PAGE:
Scotsman columnist Darren McGarvey wins Orwell Prize for political writing

Darren McGarvey won the Orwell prize for books for his work 'Poverty Safari'
Darren McGarvey won the Orwell prize for books for his work 'Poverty Safari'
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Scottish rapper and writer Darren McGarvey has been awarded the UK’s most prestigious prize for political writing at a ceremony in London.

McGarvey, also known as Loki, was honoured with the Orwell prize for Books for his “searing examination” of working-class life in ‘Poverty Safari’.

The prize is awarded by The Orwell Foundation each year to the book which comes closest to the English writer George Orwell’s ambition ‘to make political writing into an art.’

The book, McGarvey’s first, aims to give a voice to people in deprived communities across the country and features autobiographical notes from the rapper on his own experience growing up in Pollok.

Chairman of judges Andrew Adonis described similarities between the book and some of Orwell’s work, adding: “George Orwell would have loved this book. It echoes Down and Out in Paris and London and The Road to Wigan Pier.”

“It is heart-rending in its life story and its account of family breakdown and poverty. But by the end there is not a scintilla of self-pity and a huge amount of optimism.”

He continued: “It made me see the country and its social condition in a new light.”

READ MORE: The ‘benefits’ of Universal Credit should give Tories food for thought, says Darren McGarvey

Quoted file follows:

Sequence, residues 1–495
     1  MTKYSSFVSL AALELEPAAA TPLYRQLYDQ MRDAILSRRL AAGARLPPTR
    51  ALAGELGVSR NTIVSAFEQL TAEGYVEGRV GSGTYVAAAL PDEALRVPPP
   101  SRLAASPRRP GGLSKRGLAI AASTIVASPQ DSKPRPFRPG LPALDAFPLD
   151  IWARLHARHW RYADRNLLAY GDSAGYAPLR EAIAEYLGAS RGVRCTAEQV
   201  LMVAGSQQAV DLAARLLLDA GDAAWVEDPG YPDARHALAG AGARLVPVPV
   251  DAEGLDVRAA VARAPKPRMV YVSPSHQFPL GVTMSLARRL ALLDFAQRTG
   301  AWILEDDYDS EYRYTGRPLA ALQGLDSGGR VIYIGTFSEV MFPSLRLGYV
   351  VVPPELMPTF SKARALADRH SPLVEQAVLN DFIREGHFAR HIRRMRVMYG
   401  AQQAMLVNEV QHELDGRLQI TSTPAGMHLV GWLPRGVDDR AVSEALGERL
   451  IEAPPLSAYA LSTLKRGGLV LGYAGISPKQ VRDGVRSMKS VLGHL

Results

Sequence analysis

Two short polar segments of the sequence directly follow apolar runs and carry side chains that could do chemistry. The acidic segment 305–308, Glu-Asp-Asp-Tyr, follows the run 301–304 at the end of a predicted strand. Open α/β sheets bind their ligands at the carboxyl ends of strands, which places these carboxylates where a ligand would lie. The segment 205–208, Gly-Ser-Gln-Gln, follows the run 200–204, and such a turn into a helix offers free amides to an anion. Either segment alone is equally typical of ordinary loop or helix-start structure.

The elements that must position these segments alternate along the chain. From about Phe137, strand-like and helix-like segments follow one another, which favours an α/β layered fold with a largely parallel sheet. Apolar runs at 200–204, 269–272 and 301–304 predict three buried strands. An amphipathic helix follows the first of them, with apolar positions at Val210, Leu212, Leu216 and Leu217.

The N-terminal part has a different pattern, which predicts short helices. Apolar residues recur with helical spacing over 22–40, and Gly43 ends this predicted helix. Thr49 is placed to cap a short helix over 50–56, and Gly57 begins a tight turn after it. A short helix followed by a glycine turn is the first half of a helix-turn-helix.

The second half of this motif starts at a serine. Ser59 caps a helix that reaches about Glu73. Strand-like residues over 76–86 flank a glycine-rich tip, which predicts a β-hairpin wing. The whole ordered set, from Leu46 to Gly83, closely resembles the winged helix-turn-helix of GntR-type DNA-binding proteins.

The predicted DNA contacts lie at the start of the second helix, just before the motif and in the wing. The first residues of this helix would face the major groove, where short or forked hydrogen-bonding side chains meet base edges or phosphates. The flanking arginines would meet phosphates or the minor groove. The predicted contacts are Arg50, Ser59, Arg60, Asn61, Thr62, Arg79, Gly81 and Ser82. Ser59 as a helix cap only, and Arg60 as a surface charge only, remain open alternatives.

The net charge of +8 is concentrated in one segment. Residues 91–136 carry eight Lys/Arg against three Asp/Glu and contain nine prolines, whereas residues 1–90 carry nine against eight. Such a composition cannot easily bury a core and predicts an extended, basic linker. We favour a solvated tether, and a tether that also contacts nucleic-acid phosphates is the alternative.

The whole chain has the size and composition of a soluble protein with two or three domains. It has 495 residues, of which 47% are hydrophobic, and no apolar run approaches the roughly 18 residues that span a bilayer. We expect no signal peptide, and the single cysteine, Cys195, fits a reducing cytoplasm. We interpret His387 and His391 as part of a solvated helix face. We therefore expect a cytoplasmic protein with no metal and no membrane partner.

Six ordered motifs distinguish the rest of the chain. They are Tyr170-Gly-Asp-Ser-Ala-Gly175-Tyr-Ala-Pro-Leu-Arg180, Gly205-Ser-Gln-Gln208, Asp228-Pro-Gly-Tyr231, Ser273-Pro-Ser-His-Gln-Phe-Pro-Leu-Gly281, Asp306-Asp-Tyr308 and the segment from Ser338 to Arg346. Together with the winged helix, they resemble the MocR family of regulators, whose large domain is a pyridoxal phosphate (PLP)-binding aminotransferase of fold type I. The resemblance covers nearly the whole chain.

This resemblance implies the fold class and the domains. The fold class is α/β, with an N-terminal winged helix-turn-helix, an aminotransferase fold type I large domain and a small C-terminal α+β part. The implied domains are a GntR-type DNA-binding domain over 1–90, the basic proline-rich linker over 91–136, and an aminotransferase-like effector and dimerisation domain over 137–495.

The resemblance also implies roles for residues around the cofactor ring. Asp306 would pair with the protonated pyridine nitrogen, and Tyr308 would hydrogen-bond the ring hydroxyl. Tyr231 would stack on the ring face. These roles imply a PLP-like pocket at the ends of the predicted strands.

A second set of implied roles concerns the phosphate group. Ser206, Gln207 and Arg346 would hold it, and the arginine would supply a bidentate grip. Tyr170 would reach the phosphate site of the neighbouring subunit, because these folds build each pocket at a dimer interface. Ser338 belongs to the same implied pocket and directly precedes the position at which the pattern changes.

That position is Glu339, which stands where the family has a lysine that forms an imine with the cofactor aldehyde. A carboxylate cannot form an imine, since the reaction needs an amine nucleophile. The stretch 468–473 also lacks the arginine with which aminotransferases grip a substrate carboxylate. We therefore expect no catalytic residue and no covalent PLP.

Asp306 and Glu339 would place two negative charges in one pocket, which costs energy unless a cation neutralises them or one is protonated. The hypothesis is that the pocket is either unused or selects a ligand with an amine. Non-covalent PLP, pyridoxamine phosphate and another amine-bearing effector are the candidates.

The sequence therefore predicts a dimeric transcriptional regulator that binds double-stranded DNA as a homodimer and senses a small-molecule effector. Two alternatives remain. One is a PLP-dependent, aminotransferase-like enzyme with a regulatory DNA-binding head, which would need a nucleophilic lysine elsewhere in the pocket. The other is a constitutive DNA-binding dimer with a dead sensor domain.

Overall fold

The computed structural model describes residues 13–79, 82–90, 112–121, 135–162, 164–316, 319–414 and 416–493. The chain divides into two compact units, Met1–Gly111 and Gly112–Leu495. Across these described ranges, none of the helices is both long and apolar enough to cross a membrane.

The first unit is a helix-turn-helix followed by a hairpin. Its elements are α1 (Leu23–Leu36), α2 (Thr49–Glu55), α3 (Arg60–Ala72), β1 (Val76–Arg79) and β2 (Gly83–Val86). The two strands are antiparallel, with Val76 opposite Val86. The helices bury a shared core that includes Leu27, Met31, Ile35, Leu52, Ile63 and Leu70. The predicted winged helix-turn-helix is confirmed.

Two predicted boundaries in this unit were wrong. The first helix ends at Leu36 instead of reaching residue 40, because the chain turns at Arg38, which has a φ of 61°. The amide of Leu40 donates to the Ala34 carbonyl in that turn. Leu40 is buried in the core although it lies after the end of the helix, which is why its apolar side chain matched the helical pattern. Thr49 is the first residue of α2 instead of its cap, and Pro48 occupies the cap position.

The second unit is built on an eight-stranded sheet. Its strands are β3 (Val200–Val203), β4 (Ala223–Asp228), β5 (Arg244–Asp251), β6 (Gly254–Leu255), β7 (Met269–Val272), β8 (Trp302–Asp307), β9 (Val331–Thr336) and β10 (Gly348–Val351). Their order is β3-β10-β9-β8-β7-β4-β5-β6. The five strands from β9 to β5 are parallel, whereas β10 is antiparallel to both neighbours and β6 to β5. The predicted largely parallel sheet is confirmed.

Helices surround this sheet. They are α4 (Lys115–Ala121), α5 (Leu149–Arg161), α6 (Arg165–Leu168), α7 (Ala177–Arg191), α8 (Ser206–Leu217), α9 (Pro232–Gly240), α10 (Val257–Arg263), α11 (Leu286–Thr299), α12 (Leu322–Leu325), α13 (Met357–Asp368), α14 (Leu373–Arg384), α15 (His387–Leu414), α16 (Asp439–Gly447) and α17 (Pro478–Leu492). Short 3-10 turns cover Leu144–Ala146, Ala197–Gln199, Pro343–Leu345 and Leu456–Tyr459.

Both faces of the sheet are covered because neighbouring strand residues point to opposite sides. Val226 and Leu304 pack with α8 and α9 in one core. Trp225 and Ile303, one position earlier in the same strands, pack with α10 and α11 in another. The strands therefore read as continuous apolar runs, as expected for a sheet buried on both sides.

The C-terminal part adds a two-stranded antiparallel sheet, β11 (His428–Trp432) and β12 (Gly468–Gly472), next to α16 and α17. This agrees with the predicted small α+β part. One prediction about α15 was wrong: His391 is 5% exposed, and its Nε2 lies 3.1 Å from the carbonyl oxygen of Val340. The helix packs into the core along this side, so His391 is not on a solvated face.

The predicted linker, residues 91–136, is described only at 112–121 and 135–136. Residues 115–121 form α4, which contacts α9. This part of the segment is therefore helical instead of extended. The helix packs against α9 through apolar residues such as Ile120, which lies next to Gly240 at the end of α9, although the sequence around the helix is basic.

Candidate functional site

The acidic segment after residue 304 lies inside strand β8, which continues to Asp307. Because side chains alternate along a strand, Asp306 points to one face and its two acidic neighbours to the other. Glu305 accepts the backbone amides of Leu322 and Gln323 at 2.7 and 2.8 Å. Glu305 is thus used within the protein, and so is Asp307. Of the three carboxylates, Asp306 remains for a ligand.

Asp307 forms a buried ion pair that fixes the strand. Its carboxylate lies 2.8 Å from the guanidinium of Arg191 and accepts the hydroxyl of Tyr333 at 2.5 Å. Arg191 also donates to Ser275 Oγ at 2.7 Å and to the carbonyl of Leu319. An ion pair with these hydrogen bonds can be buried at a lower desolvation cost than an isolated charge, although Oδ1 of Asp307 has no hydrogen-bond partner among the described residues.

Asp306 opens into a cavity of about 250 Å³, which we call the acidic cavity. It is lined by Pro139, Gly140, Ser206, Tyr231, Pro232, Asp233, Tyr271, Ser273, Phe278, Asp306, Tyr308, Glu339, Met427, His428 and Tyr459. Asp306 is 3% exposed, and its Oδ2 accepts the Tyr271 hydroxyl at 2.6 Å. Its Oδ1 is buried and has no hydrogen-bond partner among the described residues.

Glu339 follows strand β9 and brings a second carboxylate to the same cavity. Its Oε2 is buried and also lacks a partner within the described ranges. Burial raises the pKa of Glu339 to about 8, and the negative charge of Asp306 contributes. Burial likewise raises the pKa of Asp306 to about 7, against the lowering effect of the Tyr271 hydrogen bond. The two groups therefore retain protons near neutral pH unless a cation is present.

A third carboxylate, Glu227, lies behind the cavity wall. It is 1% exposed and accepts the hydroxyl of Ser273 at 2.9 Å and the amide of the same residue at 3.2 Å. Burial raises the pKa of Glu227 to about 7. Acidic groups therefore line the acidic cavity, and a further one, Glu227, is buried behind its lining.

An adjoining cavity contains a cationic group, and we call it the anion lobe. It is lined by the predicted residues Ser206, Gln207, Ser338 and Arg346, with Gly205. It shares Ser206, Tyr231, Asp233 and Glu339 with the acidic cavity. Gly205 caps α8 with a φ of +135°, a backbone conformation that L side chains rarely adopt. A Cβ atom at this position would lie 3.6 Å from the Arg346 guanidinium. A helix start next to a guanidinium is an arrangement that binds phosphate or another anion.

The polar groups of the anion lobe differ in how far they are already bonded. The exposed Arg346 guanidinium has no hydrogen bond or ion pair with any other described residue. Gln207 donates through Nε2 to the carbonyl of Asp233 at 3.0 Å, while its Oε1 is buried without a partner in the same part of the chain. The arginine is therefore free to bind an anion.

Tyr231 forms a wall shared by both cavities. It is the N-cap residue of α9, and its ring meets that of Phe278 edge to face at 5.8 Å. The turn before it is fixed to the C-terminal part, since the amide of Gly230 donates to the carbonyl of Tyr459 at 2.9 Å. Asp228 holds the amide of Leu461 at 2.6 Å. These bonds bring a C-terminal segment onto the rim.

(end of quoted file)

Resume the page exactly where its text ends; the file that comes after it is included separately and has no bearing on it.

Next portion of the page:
McGarvey joins the likes of Labour home secretary Alan Johnson and novelist James Meek as winners of the prize.

Fellow judge Alex Clark, added: “What distinguishes Poverty Safari from a ‘straight’ description of a working-class life is his searing examination of the narratives that surround poverty and the way in which no individual, least of all him, can neatly be fitted into them.”

McGarvey, who writes a weekly column for The Scotsman, was presented with a cheque for £3,000 by Richard Blair, George Orwell’s son, on what would have been Orwell’s 115th birthday at a ceremony at the Royal Society of Arts building in London.

Speaking after being awarded the prize, McGarvey said: “I can’t quite believe it to be honest.”. He added: “As a writer, obviously this is tremendously satisfying, but what’s more important is the subject I’ve chosen to write about, which is poverty. It’s something that even the people fighting it often misunderstand.”

“What I hoped to emphasise with the book is that poverty is more than data or statistics. It’s an experience that shapes values and attitudes and a failure to understand this and address it has led to great political instability in the UK.”

McGarvey continued: “I’m just happy to do my bit in drawing attention to a lot of the nuance that is missed whenever we discuss the issue.”